Sudan seeks Sh5tr in external debt relief at Paris meet
By Reuters | May 19th 2021
Sudan is seeking relief on more than $50 billion (Sh5.35 trillion) in external debt, with multilateral and bilateral creditors meeting in Paris in an effort to push the process forward.
Debt relief is a crucial step for Sudan, which sits in a volatile region between the Horn of Africa and North Africa, in its attempts to recover from a deep economic crisis and reenter the global economy after decades of isolation.
Sudan’s debt totals at least Sh5.35 trillion as of the end of 2019, according to the International Monetary Fund (IMF).
The country is still working with its creditors to reconcile its debt up to the end of last year, and officials say the final total could be as high as $60 billion (Sh6.42 trillion).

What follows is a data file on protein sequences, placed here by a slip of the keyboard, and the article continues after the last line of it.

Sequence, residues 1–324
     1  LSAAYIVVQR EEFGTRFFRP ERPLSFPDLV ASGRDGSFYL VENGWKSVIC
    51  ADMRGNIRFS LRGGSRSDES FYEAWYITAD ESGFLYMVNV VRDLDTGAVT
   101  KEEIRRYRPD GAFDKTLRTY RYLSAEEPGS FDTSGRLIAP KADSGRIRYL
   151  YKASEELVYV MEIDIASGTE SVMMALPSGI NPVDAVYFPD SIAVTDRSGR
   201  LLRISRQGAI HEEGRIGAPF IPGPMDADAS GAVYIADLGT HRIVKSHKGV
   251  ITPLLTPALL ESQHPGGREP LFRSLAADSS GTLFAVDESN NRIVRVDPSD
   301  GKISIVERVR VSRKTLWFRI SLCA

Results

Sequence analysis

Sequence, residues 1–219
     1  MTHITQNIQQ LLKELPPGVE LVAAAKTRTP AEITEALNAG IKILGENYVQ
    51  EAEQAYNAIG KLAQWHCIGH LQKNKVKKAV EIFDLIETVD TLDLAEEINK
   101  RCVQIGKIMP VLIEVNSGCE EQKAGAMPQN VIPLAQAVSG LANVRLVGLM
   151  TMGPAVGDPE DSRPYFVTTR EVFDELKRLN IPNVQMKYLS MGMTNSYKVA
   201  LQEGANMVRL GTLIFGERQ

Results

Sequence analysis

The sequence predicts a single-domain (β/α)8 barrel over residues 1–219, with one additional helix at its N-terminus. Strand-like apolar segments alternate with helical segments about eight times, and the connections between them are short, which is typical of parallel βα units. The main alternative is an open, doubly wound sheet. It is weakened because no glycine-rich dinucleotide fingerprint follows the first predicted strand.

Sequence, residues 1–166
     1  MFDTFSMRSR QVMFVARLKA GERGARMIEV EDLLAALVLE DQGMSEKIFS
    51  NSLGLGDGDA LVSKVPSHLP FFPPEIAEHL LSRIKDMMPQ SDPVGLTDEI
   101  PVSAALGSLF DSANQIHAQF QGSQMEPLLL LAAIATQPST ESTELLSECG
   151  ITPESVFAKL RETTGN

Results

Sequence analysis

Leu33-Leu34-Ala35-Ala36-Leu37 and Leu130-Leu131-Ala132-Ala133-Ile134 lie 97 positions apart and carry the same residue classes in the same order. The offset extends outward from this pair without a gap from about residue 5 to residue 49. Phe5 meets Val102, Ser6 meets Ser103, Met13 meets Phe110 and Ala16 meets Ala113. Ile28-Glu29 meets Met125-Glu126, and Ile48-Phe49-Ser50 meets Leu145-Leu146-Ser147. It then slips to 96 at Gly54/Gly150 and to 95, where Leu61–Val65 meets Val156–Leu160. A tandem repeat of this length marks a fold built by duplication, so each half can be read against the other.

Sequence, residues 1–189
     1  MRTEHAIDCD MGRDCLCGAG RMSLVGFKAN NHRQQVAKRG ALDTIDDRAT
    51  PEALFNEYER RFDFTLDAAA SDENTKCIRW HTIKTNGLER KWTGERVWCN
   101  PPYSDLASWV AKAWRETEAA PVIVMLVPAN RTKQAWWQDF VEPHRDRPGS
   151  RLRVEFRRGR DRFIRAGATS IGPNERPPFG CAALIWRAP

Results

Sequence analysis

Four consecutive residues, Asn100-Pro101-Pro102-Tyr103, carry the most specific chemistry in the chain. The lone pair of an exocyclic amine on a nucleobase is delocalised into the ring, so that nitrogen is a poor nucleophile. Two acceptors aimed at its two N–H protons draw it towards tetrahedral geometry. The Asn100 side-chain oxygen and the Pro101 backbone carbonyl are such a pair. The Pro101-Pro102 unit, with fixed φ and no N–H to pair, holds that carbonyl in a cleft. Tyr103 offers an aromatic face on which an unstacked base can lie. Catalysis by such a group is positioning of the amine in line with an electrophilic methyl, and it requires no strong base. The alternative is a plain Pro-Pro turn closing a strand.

According to the IMF, $5.6 billion (Sh600 billion) is owed to multilateral organisations including itself, the World Bank, and the African Development Bank (AfDB).
An estimated $19 billion (Sh2.03 trillion) is owed to Paris Club creditors, of whom France, Austria, and the US are the largest.
A similar amount is owed to non-Paris Club countries, including Kuwait, Sudan’s largest creditor at $9.8 billion (Sh1.04 trillion), Saudi Arabia and China.
Finally, Sudan holds what an IMF official says is an unusually high amount of debt to commercial lenders, estimated at almost $6 billion (Sh642 billion). As Sudan was cut off from the international system for decades, about 85 per cent of its debt is arrears - unpaid interest and penalties.
After Sudan’s removal from the US state sponsors of terrorism list in late last year, it became eligible for the Highly Indebted Poor Countries programme, which provides debt relief for low-income nations.
Under the programme, all Sudan’s creditors will agree to restructure and forgive the debt.
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